First Aid Kits

14th Jun 2018


On our Tor Lea Training Outdoor First Aid courses we always discuss first aid kits and it is a subject that always prompt lively debate.  Our first aid courses focus on key principles and improvisational techniques.  For example, a triangular bandage is a great way to immobilise an upper limb but, if one isn't available,  it may be perfectly possible to achieve the same result with a piece of clothing, dog lead, climbing rope, spare inner tube or scarf.  The more you know the less you may need to carry.  We would always advise investing in good quality training (check out upcoming course dates here) above simply buying a comprehensive first aid kit.

It would also be impossible to offer set guidance on making a ‘one type fits all’ first aid kit because it is essential that a kit is tailored to the environment and activities it will be used in/for and that is best decided by a thorough risk assessment. If, for example, you operate in an environment where burns have been identified as a high risk then ensuring you have equipment to deal with that would be essential whereas in a different situation burns may be a very low risk.

However,  there are some items that would be useful in many situations and so we have shared some ideas below.  Just to emphasise that all we are seeking to do here is offer ideas on what items we have found to be useful in a general purpose outdoor kit - it is specifically NOT dictating what must be included.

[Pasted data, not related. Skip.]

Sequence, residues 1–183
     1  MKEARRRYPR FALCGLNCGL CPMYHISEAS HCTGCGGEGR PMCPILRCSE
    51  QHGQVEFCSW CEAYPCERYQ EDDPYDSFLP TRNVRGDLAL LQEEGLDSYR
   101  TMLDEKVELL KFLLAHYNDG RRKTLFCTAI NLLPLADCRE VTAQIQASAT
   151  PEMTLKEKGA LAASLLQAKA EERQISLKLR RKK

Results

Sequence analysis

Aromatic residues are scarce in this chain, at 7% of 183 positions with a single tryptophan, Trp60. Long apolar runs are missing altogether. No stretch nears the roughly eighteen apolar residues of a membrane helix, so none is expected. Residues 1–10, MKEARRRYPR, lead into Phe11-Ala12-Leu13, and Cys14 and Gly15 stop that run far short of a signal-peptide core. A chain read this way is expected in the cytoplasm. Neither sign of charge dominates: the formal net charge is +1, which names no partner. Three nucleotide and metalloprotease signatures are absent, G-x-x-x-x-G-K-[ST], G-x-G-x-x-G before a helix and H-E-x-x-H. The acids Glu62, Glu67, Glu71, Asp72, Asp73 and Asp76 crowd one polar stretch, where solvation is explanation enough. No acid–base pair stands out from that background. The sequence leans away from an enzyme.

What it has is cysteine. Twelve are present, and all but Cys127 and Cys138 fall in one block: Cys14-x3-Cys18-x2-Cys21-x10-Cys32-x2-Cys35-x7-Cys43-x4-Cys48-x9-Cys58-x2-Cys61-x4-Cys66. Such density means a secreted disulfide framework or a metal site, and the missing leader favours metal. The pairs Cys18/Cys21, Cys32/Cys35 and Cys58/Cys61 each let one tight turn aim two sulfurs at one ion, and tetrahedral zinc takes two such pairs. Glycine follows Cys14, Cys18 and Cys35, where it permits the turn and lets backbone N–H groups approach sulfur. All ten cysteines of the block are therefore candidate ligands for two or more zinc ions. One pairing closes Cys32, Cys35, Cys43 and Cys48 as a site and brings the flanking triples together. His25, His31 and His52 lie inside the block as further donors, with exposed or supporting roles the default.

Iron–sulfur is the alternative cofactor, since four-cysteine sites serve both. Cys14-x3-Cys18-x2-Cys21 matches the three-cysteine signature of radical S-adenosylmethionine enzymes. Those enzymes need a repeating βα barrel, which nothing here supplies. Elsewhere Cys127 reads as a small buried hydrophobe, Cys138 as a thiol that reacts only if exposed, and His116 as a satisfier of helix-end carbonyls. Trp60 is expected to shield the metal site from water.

Suitable container A hard plastic box can work well although we currently use purpose made dry bags from Lowe Alpine

Shelter As well as having a group shelter it may be useful to have an additional form of protection that could protect a casualty.  There are many options available and we often take the Adventure Medical Kits (AMK) Heatsheets Emergency Bivvy

Gloves For protection from contamination 

CPR faceshield Offers some protection for those performing rescue breaths 

Wound dressings  Compression dressings like the Israeli dressing are versatile and effective although large size HSE dressings also offer good performance

Cohesive bandage  Good for offering comfortable support to soft tissue injuries but can also be good for securing splints

Non adherent dressings Something like Melolin.  These make good general purpose wound patches

Gauze swabs 

Saline pods Useful for rinsing wounds or irrigating eyes

Foot care products Blister dressings like Compeed or Moleskin 

Mediwipes  Useful for cleaning small cuts and grazes

Selection of plasters

Tough cut shears

Triangular bandages

Safety pins Kilt pins are a strong alternative which can be used for lots of jobs

Tick remover Available from pet shops or the Tickcard works well 

Tweezers There are some versatile small ones called ‘Uncle Bill's Sliver Gripper Tweezers’ which work really well.  They are available from Amazon or Ray Mears Bushcraft 

Casualty report form/monitoring card Ideally printed onto waterproof paper and worth carrying two copies for versatility.  You can download one from our website here  

Pencil or suitable pen For writing on report form/monitoring card

Clinical waste bag Great for disposing of bloody dressings or, when filled with water and the corner is snipped off, can be used as a bag for irrigation or to cover burns 

Micropore tape For securing dressings 

Medications Some painkillers such as Paracetamol and/or Ibuprofen and Aspirin (300 mg) for use with heart attack casualties. Copy the information that accompanies the drugs (such as dosage and contra indications) onto water proof paper and keep it in your first aid kit

Hypostop Useful for treatment of low blood sugar in diabetics (or can be used by anyone as a simple energy boost) 

Duct tape Perfect for securing everything from dressings to splints 

Cable ties Another great item that can be used for everything from securing splints to fixing rucksacks

ID card If someone is helping and you are the casualty it would be useful to know who you are

Posted by Paul